7 362 Paul Hirst and Grahame Thompson global, they will not be able to operate in all markets equally effectively and like governments will lack the capacity for reinsurance against unexpected shocks from their own resources alone. Governments would no longer be available to assist as they have been for 'national champions'. Firms would, therefore, seek to share the risks and opportunities through intercorporate investments, partnerships, joint ventures, etc. Even in the current internationalized economy we can recognize such processes emerging. A second major consequence of the notion of a globalizing international economy would be the transformation of MNCs into Transnational Corporations (TNCs) as the major players in the world economy. The TNC would be genuine footloose capital, without specific national identification and with an internalized management, and at least potentially willing to locate and relocate anywhere in the globe to obtain either the most secure or the highest returns. In the financial sector this could be secured at the touch of a button and in a truly globalized economy would be wholly dictated by market forces, without reference to national monetary policies. In the case of primarily manufacturing companies they would source, produce and market at the global level as strategy and opportunities dictated.?he company would no longer be based on one predominant national location (as with the MNC) but would service global markets through global operations. Thus the TNC, unlike the MNC, could no longer be controlled or even constrained by the policies of particular national states. Rather it could escape all but the commonly agreed and enforced international regulatory standards. National governments could not thus effectively adopt particular regulatory policies that diverged from these standards to the detriment of TNCs operating within their borders. The TNC would be the main manifestation of a truly globalized economy. Julius (1990) and Ohmae (1990) both consider this trend toward true TNCs to be well established. Ohmae argues that such 'stateless' corporations are now the prime movers in an Inter-linked Economy (ILE) centred on North America, Europe and Japan. He contends that macro-economic and industrial policy intervention by national governments can only distort and impede the rational process of resource allocation by corporate decisions and consumer choices on a global scale. Like Akio Morita of Sony, Ohmae argues that such corporations will pursue strategies of 'global localization' in responding on a world-wide scale to specific regionalized markets and locating effectively to meet the varying demands of distinct localized groups of consumers. The assumption here is that TNCs will rely primarily on foreign direct investment and the full domestication of production to meet such specific market demands. This is in contrast to the strategy of flexibly specialized core production in the company's main location and the building of branch assembly plants where needed or dictated by national public policies. The latter strategy is compatible with nationally-based companies. (To anticipate later discussion, the evidence from Japanese corporations, which are the most effective operators in world markets, favours the view that the latter strategy is predominant. Japanese companies appear to have been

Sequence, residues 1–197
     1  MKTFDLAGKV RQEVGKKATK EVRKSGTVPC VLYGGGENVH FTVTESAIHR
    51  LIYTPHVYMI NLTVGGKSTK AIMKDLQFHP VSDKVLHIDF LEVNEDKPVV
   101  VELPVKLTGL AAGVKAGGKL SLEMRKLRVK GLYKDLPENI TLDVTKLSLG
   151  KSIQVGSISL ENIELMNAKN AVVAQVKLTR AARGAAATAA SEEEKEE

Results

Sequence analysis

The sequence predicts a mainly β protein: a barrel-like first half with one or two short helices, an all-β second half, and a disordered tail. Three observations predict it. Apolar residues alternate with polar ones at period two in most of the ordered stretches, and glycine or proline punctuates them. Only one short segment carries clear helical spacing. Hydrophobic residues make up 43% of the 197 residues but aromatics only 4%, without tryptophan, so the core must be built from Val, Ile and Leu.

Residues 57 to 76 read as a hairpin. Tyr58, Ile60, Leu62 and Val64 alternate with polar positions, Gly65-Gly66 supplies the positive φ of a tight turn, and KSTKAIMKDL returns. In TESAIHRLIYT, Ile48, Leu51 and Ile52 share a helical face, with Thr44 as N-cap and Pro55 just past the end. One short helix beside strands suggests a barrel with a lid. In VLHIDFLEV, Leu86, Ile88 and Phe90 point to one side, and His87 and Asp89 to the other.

8 The problem of 'globalization' 363 reluctant to locate core functions like R&D or high valued-added portions of the production process abroad. Thus national companies with an international scope of operations currently and for the foreseeable future seem more likely than the true TNCs.) A third consequence of globalization would be the further decline in the political influence and economic bargaining power of labour. Globalized markets and TNCs would not be mirrored by an open world labour market. Thus while advanced companies might well continue to locate in the advanced countries, with all their advantages, rather than merely seek low wages, the trend of the global mobility of capital and the national fixity of labour would favour those advanced countries with the most tractable labour forces and the lowest social overheads relative to the benefits of labour competence and motivation. 'Social democratic' strategies of enhancement of working conditions would thus only be viable if they assured the competitive advantage of the labour force, without constraining management prerogatives, and at no more overall cost in taxation than the average for the advanced world. Such strategies would clearly be a tall order and the tendency of globalization would be to favour management at the expense of even moderately organized labour, and, therefore policies sympathetic to the former rather than the latter. This would be the 'disorganized capitalism' of Lash and Urry (1987) with a vengeance, or rather it could be seen as placing a premium on moderate and defensive strategies where organized labour remains strong (Scharpf 1991). A final and inevitable consequence of globalization is the growth in fundamental multi-polarity in the international political system. The hitherto hegemonic national power could no longer impose its own distinct regulatory objectives in either its own territories or elsewhere, and lesser agencies (whether public or private) would thus enjoy enhanced powers of denial and evasion vis a vis any aspirant 'hegemon'. A variety of bodies from international voluntary agencies to TNCs would thus gain in relative power at the expense of national governments and, using global markets and media, could appeal to and obtain legitimacy from consumers/citizens across national boundaries. Thus the distinct disciplinary powers of national states would decline, even though the bulk of their citizens remained nationally bound. In such a world, national military power would become less effective as the rationality of the objectives of 'national' state control in respect of the economy evaporated. The use of military force would be increasingly tied to non-economic issues, such as nationality and religion. A variety of more specific powers of sanction and veto in the economic sphere by different kinds of bodies (both public and private) would thus begin to compete with national states and begin to change the nature of international politics. As economics and nationhood pulled apart the international economy would become even more 'industrial' and less 'militant' than it is today. War would be increasingly localized and irrationalized, anywhere it threatened powerful global economic interests it would be subject to devastating economic sanction. We have spent a great deal of time elaborating this idea of a globalized